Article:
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After many years within the walls of the prison city of Akka, Baha’u’llah was finally permitted to leave his incarceration and live nearby in a bucolic place called Bahji, meaning “delight” in Arabic.
Today, the Mansion of Bahji is surrounded by beautiful gardens through which Baha’i pilgrims and visitors walk as they approach Baha’u’llah’s resting place – the holiest spot on Earth for Baha’is.
Aside from the gardens, Bahji has been kept as it was during Baha’u’llah’s final years. Inside the house one can see where he and his family lived, the room where Baha’u’llah received numerous early Baha’is and visiting dignitaries, including Edward Granville Browne, and the room where he passed away.
Baha’u’llah died at Bahji on the 29th of May 1892, in his seventy-fifth year. At the time of his passing, the Baha’i Cause, which had been entrusted to him during his imprisonment in the Black Pit in Tehran, had begun to spread far beyond the Islamic lands where it had first taken shape, establishing itself in America, Europe and throughout the rest of the world.
Imagine, if you will, what that means. A solitary prisoner, serially exiled from one place to another, stripped of his position and possessions, rejected and reviled by his government, tortured and poisoned by those who opposed him, imprisoned for four decades, establishes a new Faith that soon encompasses the entire world:
During His lifetime [Baha’u’llah] was intensely active. His energy was unlimited. Scarcely one night was passed in restful sleep. He bore these ordeals, suffered these calamities and difficulties in order that a manifestation of selflessness and service might become apparent in the world of humanity; that the Most Great Peace should become a reality; that human souls might appear as the angels of heaven; that heavenly miracles would be wrought among men; that human faith should be strengthened and perfected; that the precious, priceless bestowal of God, the human mind, might be developed to its fullest capacity in the temple of the body; and man become the reflection and likeness of God, even as it hath been revealed in the Bible: “We shall create man in Our own image.”
Briefly; the Blessed Perfection [Baha’u’llah] bore all these ordeals and calamities in order that our hearts might become enkindled and radiant, our spirits be glorified, our faults become virtues, our ignorance transformed into knowledge; in order that we might attain the real fruits of humanity and acquire heavenly graces; although pilgrims upon earth we should travel the road of the heavenly kingdom; although needy and poor we might receive the treasures of life eternal. For this has He borne these difficulties and sorrows. – Abdu’l-Baha, The Promulgation of Universal Peace, p. 26.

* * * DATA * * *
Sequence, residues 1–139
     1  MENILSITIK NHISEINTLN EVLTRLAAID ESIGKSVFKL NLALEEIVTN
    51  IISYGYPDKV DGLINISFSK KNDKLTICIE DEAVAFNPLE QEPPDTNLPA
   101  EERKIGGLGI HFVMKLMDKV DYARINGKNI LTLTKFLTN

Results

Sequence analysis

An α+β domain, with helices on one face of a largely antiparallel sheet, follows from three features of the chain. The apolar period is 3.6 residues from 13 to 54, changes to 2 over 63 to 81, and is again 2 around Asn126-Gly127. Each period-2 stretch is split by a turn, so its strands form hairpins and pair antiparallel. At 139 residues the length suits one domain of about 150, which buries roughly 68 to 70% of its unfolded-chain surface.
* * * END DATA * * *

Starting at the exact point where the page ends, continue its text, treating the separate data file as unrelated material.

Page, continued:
Before his passing Baha’u’llah appointed his eldest son Abdu’l-Baha as his successor and the authorized interpreter of his writings. Abdu’l-Baha, who since the age of eight had accompanied his father in his imprisonments and exiles, sent the news of Baha’u’llah’s passing to the Sultan of the Ottoman Empire, in a telegram which began with the words: “The sun of Baha has set …”
On the day of His passing, many notable personages, among them Shi’a and Sunni Muslims, Christians, Jews, and Druze, as well as poets, religious leaders and government officials, began to arrive, lamenting the loss of Baha’u’llah and magnifying his virtues and greatness. For several weeks tributes and eulogies continued to arrive, in both verse and prose, in Arabic and Turkish, in the form of telegrams and letters. Even though the kings of the Earth had ignored Baha’u’llah during his lifetime, countless thousands in Persia, India, Russia, Iraq, Turkey, Sudan, Palestine, Egypt and Syria had recognized him as a messenger of God – and millions more soon would.
During the first century after Baha’u’llah’s passing, his followers have spread to every country, territory and island of the world.
They have constantly, year after year, grown in number and remained united. The year 1992 was the centenary of Baha’u’llah’s passing and was declared a Holy Year in which Baha’is dedicated their time to studying his writings and finding ways to implement his teachings and principles for the solution of the world’s problems.
Baha’u’llah’s vision of humanity united as one people, and his promise of the entire Earth becoming a peaceful and common homeland to all humankind, resonates today even more than it did in the 19th century. Now, more than ever, Baha’is focus on Baha’u’llah’s message of justice, peace and unity as the best hope for humanity.
This series of essays is adapted from Joseph Roy Sheppherd’s book The Elements of the Baha’i Faith, with permission from his widow Jan Sheppherd.
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